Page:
The Contradiction of Judging Other Women

UPDATED: May 27, 2024
PUBLISHED: May 13, 2016

As women, we advocate for progress—for equality and for breaking the glass ceiling. Yet, on average, women still earn 79 percent of what men earn. Even the most successful actresses, like Oscar winners Meryl Streep and Jennifer Lawrence, earn less than their male co-stars. And in the Standard & Poor’s 500, only 5 percent of companies have female CEOs.

Most women agree that change is needed in our society, businesses and communities. There are signs of progress, but there is much more work to do. In our daily lives, too.

Women can often be each other’s worst critics. We judge each other on our decision to work or not to work, our clothes, our weight, our parenting or our level of success. These biases can be subtle, or not so subtle, in what we think and say—and they perpetuate the cultural bias that we simultaneously want to change.

Related: 6 Ways Women Are Sabotaging Their Professional Success

Here are a few judgments and signs of bias that women reserve just for each other:

1. Who wears the pants in that family?

Yes, I have heard this many times—even by women I like. It’s usually asked when the woman is successful and has a point of view. This one isn’t so subtle and reflects how women see their own role in relationships.

Gender bias shows up regularly in everyday life. Take this example: A doctor went shopping for furniture with her husband, and the sales associate enthusiastically shared that everything was 20 percent off that week. She added with a wink, “Your husband is going to be very excited about that!”

2. She’s too bossy.

There are lots of adjectives you can use instead of “bossy” but that mean the same thing. “She’s being a b****.” “She’s trying too hard.” “She’s too demanding.” Men aren’t called bossy. “He gets stuff done.” “He’s tough.” “He has a plan!”

Yes, there are women—and men—who are too difficult. The true test is if you witnessed the same behavior in a man, does your view change?

As Sheryl Sandberg said, “When a little boy asserts himself, he’s called a ‘leader.’ Yet when a little girl does the same, she risks being branded ‘bossy.’ Words like bossy send a message: Don’t raise your hand or speak up. By middle school, girls are less interested in leading than boys—a trend that continues into adulthood.”

Beyoncé said it best. “I’m not bossy, I’m the boss.”

3. She isn’t that successful.

Women often get the “She’s not qualified” even after achieving accomplishment after accomplishment. Or the “She lucked into it,” “An important male helped her out,” or “She made a mistake.” Our filter of success has a different lens for a woman—and our bias appears.

Successful women can make some men—and women—uncomfortable, because they have stepped outside of a role traditionally expected of women.

Related: Career & Motherhood: 10 Ways to Make It Work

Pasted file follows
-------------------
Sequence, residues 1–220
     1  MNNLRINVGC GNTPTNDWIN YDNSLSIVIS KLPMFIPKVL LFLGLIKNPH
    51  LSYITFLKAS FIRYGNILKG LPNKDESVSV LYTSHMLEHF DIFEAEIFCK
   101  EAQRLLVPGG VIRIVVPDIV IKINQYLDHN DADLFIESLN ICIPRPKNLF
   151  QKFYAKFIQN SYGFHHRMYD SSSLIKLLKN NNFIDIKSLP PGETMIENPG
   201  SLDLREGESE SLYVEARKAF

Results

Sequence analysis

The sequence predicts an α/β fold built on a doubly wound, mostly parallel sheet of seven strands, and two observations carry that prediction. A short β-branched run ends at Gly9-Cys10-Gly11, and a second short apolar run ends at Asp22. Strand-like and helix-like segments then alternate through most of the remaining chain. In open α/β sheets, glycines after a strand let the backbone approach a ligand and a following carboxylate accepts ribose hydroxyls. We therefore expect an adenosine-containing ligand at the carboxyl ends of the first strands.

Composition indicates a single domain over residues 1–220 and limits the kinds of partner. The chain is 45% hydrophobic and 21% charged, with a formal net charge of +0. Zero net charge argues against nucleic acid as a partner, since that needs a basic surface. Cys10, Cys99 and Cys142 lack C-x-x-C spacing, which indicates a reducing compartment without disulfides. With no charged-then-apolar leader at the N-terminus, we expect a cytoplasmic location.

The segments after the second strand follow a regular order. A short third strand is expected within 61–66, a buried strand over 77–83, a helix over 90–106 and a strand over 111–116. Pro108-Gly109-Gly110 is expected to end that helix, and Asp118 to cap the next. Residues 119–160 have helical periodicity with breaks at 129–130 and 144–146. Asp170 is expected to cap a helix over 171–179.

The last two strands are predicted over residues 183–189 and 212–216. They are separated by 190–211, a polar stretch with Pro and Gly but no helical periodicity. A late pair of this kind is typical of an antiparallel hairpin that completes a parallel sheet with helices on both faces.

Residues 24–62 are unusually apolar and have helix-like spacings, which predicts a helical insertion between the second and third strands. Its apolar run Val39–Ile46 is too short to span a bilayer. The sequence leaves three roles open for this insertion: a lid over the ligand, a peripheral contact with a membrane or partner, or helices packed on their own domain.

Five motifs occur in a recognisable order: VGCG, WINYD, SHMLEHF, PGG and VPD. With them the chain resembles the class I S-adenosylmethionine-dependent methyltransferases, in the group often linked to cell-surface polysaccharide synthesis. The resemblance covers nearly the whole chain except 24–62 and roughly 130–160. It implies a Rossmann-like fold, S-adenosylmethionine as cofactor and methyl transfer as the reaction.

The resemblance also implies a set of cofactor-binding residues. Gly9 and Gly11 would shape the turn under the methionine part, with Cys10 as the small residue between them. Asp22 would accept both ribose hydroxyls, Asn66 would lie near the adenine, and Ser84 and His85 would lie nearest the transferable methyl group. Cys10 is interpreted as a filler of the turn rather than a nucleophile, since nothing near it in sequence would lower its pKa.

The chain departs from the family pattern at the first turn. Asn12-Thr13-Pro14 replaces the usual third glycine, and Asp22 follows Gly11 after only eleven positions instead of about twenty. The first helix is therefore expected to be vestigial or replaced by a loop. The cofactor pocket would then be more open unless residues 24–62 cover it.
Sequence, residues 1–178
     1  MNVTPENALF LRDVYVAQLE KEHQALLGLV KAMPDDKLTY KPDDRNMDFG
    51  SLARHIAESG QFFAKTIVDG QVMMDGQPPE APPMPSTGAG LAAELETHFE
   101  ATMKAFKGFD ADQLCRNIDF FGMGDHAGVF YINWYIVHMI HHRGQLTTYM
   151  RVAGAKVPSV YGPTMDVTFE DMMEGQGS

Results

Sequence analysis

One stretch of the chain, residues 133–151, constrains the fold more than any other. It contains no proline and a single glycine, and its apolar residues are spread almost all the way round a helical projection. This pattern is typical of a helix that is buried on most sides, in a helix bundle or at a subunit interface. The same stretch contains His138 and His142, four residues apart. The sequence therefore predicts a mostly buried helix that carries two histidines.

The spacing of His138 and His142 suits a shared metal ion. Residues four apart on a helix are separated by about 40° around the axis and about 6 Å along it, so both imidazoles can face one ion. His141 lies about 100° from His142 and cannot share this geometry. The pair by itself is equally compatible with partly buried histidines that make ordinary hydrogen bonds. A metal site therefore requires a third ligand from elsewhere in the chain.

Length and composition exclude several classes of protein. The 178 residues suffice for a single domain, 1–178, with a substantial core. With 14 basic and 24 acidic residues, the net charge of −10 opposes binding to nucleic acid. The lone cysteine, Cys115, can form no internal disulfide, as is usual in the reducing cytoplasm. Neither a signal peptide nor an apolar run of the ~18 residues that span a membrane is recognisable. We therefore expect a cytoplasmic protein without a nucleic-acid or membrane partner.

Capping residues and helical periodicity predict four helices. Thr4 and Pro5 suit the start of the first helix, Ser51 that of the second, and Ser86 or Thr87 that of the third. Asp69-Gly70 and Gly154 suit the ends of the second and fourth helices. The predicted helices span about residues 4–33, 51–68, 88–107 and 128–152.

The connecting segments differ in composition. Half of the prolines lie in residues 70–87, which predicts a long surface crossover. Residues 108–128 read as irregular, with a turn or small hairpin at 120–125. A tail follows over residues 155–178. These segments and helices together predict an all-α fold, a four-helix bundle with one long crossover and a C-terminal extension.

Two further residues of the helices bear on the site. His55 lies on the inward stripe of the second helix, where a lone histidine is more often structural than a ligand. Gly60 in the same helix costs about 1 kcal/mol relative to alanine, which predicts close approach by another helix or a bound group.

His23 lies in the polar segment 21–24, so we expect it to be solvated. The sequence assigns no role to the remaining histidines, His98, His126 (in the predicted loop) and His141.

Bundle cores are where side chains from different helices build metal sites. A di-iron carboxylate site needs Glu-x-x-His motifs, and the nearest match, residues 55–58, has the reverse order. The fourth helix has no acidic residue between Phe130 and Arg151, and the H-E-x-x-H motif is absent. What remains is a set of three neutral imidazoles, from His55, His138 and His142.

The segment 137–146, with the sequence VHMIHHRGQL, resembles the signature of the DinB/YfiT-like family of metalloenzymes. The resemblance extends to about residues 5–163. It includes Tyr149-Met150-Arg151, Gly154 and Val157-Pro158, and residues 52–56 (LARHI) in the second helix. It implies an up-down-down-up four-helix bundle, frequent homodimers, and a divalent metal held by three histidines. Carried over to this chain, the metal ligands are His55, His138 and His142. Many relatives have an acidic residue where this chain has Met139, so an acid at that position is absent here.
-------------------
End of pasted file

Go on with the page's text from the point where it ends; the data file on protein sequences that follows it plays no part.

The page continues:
And, in many ways, we do it to ourselves. In our desire not to be boastful, we minimize our own success through self-deprecation or pawning off our success as luck or “being in the right place at the right time.” When I hear other women doing this (and I do this sometimes, too), I ask them to pause and consider if their male counterparts do the same. The answer is no.

4. She looks too ________.

Women face the appearance evaluation—“too this, too that.” For example, Hillary Clinton has received more coverage on her hairstyle, clothes and voice tone than any man of her stature. For men, their appearance must be extremely noticeable to receive top billing.

Particularly in business, women are faced with the double-edged sword of looking attractive, but not too attractive. And, again, as women, we do it to each other.

Carly Fiorina, a recent presidential candidate and former CEO of Hewlett Packard, was the keynote speaker at a technology conference two years ago. At the end of her remarks, the host asked her to comment on Marissa Mayer’s success as Yahoo CEO. Fiorina put the questioner on the spot. She asked, “Why are you asking me about Marissa Mayer, other than that she is also a woman? Would you ask a man to comment on another male CEO? No, you wouldn’t.”

In that awkward moment, she openly pointed out the bias in the question and that because of it, she was viewed as a former female CEO, not a former CEO. She made her point.

We need more honesty with each other on our biases and a call-out when we judge each other.

Test yourself. As we look at political candidates, community leaders, business executives and entrepreneurs, ask yourself, If this were a man, would my reaction be the same?

I recently realized my own hidden bias after a comment from Supreme Court Justice Ruth Bader Ginsburg: “So now the perception is, yes, women are here to stay [on the Supreme Court]. And yet when I’m asked, ‘When will there be enough [women on the Supreme Court]?’ and I say, ‘When there are nine,’ people are shocked. But there’ve been nine men, and nobody’s ever raised a question about that.”

Progress is needed in our society and culture. Progress is also needed in how we view each other and in the choices we make.

Related: Should a Woman Act More Like a Man to Succeed at Work?

Patti Johnson is a career and workplace expert and the CEO of PeopleResults, a change and human resources consulting firm she founded in 2004. Previously, she was a senior executive at Accenture and has been recently featured as an expert in The Wall Street Journal, The New York Times, NBC, Money Magazine and Working Mother. Patti is also an instructor for SMU Executive Education and a keynote speaker on “Leading Change.” Her first book, Make Waves: Be the One to Start Change at Work & in Life, hit shelves in May 2014. Visit her website at